236 which reference base objects not contained within the pack (but
237 are known to exist at the receiving end). This can reduce the
238 network traffic significantly, but it requires the receiving end
239 to know how to "thicken" these packs by adding the missing bases
240 to the pack.
241
242 no-progress
243 Request that progress information that would normally be sent on
244 side-band channel 2, during the packfile transfer, should not be
245 sent. However, the side-band channel 3 is still used for error
246 responses.
247
248 include-tag
249 Request that annotated tags should be sent if the objects they
250 point to are being sent.
251
252 ofs-delta
253 Indicate that the client understands PACKv2 with delta referring
254 to its base by position in pack rather than by an oid. That is,
255 they can read OBJ_OFS_DELTA (ake type 6) in a packfile.
256
257 If the 'shallow' feature is advertised the following arguments can be
258 included in the clients request as well as the potential addition of the
259 'shallow-info' section in the server's response as explained below.
260
261 shallow <oid>
262 A client must notify the server of all commits for which it only
263 has shallow copies (meaning that it doesn't have the parents of
264 a commit) by supplying a 'shallow <oid>' line for each such
265 object so that the server is aware of the limitations of the
266 client's history. This is so that the server is aware that the
267 client may not have all objects reachable from such commits.
268
269 deepen <depth>
270 Requests that the fetch/clone should be shallow having a commit
271 depth of <depth> relative to the remote side.
272
273 deepen-relative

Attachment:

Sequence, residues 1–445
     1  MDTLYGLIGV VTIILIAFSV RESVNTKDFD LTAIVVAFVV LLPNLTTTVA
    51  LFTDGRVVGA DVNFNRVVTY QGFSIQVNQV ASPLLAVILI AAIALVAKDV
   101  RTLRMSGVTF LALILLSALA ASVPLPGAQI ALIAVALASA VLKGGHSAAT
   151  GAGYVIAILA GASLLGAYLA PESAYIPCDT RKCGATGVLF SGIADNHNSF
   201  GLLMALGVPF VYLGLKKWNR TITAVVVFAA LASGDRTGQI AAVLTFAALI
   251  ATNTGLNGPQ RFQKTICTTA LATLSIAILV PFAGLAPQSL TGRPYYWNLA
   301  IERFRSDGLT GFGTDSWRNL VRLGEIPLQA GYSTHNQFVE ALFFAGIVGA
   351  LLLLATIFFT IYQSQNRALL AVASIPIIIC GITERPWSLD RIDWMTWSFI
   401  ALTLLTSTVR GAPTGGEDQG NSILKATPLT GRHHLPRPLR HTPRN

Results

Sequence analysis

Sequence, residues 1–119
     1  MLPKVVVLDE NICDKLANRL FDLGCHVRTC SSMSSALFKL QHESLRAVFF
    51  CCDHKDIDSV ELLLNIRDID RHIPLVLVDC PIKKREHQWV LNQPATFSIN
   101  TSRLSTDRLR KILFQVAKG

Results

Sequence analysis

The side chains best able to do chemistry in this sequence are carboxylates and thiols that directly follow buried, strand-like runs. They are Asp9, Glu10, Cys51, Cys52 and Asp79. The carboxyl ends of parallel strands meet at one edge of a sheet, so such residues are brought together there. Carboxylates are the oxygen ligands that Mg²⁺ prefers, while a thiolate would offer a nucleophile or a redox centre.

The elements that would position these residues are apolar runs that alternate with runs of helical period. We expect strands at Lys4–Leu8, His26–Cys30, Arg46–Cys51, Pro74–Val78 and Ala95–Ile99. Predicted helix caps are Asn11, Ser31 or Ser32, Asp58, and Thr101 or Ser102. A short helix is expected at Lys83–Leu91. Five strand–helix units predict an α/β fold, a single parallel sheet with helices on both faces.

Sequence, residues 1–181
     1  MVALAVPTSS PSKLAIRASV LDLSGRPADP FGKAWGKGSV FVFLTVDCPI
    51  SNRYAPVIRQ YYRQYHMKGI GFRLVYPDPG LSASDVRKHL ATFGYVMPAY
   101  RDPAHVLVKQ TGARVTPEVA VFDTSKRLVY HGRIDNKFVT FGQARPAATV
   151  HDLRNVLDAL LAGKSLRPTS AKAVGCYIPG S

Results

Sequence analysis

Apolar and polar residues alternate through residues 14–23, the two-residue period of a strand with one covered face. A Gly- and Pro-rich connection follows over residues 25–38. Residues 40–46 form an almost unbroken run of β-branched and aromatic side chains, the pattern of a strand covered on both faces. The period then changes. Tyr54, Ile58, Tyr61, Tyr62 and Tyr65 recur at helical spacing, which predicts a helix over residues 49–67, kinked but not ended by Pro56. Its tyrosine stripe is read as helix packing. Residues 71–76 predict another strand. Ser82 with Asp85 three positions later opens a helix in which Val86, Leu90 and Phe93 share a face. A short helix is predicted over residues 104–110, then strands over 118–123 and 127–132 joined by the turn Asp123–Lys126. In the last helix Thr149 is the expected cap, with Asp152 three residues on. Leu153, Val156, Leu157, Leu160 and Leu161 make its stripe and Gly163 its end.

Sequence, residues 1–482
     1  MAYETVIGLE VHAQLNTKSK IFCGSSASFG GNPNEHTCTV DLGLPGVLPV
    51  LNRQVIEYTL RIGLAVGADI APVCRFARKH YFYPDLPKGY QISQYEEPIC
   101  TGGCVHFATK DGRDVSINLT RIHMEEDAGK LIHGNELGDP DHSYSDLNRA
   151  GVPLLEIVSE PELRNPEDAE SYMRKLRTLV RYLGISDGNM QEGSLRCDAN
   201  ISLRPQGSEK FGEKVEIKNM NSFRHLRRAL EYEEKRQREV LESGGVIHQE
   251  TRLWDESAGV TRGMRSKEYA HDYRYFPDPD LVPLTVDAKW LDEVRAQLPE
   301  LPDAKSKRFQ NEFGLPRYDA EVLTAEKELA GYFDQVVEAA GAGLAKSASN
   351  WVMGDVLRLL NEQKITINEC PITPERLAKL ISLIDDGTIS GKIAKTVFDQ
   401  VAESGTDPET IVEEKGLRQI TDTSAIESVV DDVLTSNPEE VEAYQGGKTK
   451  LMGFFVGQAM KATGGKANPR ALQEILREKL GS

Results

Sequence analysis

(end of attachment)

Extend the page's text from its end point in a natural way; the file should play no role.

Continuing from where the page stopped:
274 Requests that the semantics of the "deepen" command be changed
275 to indicate that the depth requested is relative to the client's
276 current shallow boundary, instead of relative to the requested
277 commits.
278
279 deepen-since <timestamp>
280 Requests that the shallow clone/fetch should be cut at a
281 specific time, instead of depth. Internally it's equivalent to
282 doing "git rev-list --max-age=<timestamp>". Cannot be used with
283 "deepen".
284
285 deepen-not <rev>
286 Requests that the shallow clone/fetch should be cut at a
287 specific revision specified by '<rev>', instead of a depth.
288 Internally it's equivalent of doing "git rev-list --not <rev>".
289 Cannot be used with "deepen", but can be used with
290 "deepen-since".
291
292 The response of `fetch` is broken into a number of sections separated by
293 delimiter packets (0001), with each section beginning with its section
294 header.
295
296 output = *section
297 section = (acknowledgments | shallow-info | packfile)
298 (flush-pkt | delim-pkt)
299
300 acknowledgments = PKT-LINE("acknowledgments" LF)
301 (nak | *ack)
302 (ready)
303 ready = PKT-LINE("ready" LF)
304 nak = PKT-LINE("NAK" LF)
305 ack = PKT-LINE("ACK" SP obj-id LF)
306
307 shallow-info = PKT-LINE("shallow-info" LF)
308 *PKT-LINE((shallow | unshallow) LF)
309 shallow = "shallow" SP obj-id
310 unshallow = "unshallow" SP obj-id
311
312 packfile = PKT-LINE("packfile" LF)
313 *PKT-LINE(%x01-03 *%x00-ff)
314
315 acknowledgments section
316 * If the client determines that it is finished with negotiations